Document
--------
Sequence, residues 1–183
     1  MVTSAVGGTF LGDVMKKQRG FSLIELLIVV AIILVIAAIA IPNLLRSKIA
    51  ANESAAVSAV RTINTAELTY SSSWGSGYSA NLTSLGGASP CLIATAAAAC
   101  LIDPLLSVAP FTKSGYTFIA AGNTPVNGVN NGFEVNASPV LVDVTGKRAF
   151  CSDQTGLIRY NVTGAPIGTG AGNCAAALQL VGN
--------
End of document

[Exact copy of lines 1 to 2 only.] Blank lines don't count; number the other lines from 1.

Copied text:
Sequence, residues 1–183
     1  MVTSAVGGTF LGDVMKKQRG FSLIELLIVV AIILVIAAIA IPNLLRSKIA